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God Loves Protected Species. And the Poachers Who Kill Them.

A theocentric conservation effort looks out for both man and nature.

We sat in the slivered shade of the acacia tree outside of Serengeti National Park. Deus, a 30-something Lutheran pastor, used a stick in the sand to tally the income he generated per month from poaching. He paused after drawing an equal sign. “I preach in church every week,” he said, smiling. “Except when I’m hunting, of course.”

“Church?” I asked. “Doesn’t your denomination see poaching as sin?”

“Oh no,” he replied. “God gives us every animal.”

I stared at him, and he sensed my unease at his benediction of an illegal activity. “Don’t worry,” he said, patting my knee reassuringly. “I pray over every animal I kill. I thank God for each and every one.”

Of course, I knew that God loved the world, but it dawned on me then that Deus’s comment exemplified Thomas Moore’s simple idea in Care of the Soul. “If you don’t love things in particular, you cannot love the world,” Moore wrote, “because the world doesn’t exist except in individual things.”

I was idealistic when I met Deus during my research on human-wildlife interactions in 2007, and the particular thing I loved was wilderness—one unencroached on by poachers. John Muir and Henry David Thoreau’s wilderness: large landscapes unspoiled by human habitation and development. Places to escape to, to unclutter the mind and rejuvenate. Jesus valued wilderness, I reasoned, seeking it out on several occasions. So as a grad student in my mid-20s, I sought it out myself in Tanzania, embarking on a research expedition in the unspoiled wilderness of sub-Saharan Africa.

Everybody Poaches

When I first began interviewing subjects ...

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Prayer & Polarization

Amid societal polarization, American churches are dedicated July 7th to pray for the country.

Polarization has been trending for a long time. Especially in politics, but also in education, religion, economics, race, and more.

Even suggesting a place in the lonely middle-of-the-road can spark accusations of compromise and capitulation. Like the North Pole and the South Pole, polarization is about opposites that never meet and can’t even see each other. When it’s summer in the northern Arctic, it’s winter in the southern Antarctic.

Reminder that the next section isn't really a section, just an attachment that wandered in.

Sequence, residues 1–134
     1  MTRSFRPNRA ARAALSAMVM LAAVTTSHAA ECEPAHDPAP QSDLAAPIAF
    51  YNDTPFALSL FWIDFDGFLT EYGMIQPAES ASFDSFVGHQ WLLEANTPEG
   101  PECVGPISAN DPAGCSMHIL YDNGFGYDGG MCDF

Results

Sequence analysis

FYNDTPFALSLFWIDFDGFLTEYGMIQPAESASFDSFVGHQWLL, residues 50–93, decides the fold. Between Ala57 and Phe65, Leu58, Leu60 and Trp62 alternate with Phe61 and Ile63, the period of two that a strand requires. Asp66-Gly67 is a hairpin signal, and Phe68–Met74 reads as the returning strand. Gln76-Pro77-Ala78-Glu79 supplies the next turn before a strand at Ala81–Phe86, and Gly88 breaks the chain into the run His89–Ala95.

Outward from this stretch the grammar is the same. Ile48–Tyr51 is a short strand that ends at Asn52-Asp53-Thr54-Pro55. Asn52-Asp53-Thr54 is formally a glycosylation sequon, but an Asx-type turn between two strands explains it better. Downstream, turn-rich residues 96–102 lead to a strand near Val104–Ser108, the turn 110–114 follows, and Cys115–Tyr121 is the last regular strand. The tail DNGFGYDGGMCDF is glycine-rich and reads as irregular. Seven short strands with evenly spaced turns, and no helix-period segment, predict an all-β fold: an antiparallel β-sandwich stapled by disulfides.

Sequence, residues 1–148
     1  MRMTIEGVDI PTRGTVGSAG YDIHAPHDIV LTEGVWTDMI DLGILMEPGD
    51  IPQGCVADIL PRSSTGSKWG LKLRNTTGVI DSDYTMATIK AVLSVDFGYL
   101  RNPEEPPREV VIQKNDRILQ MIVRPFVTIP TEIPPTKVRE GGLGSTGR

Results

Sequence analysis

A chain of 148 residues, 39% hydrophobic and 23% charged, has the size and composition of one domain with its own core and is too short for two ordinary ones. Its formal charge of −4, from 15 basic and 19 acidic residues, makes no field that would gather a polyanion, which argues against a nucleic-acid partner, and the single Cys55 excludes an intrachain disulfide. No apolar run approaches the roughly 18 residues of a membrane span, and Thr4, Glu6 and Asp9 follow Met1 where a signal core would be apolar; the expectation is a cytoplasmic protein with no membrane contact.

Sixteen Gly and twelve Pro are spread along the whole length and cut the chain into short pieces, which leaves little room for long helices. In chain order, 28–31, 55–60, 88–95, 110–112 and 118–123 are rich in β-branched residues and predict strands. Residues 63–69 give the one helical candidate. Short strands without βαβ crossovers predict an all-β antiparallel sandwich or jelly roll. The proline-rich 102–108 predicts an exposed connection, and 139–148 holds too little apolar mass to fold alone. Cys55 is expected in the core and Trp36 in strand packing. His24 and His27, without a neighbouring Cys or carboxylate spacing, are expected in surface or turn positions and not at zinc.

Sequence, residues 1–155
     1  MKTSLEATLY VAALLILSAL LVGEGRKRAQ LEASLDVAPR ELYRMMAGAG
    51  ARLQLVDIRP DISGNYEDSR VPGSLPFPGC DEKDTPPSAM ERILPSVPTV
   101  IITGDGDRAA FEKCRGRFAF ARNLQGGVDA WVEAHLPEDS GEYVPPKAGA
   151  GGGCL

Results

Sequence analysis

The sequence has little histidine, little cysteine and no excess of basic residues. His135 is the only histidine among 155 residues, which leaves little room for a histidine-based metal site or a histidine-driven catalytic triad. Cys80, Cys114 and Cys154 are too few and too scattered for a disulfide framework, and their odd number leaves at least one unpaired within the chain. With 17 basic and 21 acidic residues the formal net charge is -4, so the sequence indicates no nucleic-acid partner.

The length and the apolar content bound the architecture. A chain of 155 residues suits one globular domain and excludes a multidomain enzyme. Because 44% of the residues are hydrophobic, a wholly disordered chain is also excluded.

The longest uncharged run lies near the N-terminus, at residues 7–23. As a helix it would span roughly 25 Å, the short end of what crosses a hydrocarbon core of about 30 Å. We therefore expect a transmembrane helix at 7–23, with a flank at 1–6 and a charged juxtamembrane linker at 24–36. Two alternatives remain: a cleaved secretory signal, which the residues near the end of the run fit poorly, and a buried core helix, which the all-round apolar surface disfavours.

Introduce a big What If.

What if Christians could set aside the cultural categories and extremes of our generation to center on the faith we all share in Jesus Christ? What if we could do something that demonstrated our Christian hope more than popular despair? What if together we made Jesus the winner rather than seeking victories for our sides of the lines that are dividing so many?

The proposal straight out of Washington, D.C.: Pray Together Sunday. It wasn’t my idea, but I was there when a staff member of the National Association of Evangelicals who is trained as a lawyer proposed a very Christian and biblical antidote to divisive polarization. She suggested choosing a summer Sunday for churches across our nation to pray together for God’s blessing in America.

Good idea with lots of reasons to say no. Of course it’s a good idea for churches to pray. No true Christian should object, but it’s easy to come up with a quick list of why it won’t work:

  1. The idea is already taken. We already have a National Day of Prayer on the first Thursday of every May.
  2. Prayer is already part of every weekend church service. Asking churches to pray is like asking dogs to bark — it’s what they already do.
  3. Getting lots of churches to do anything together is tough to coordinate. Most churches like to make their own decisions, do what they are already doing and value independence over cooperation.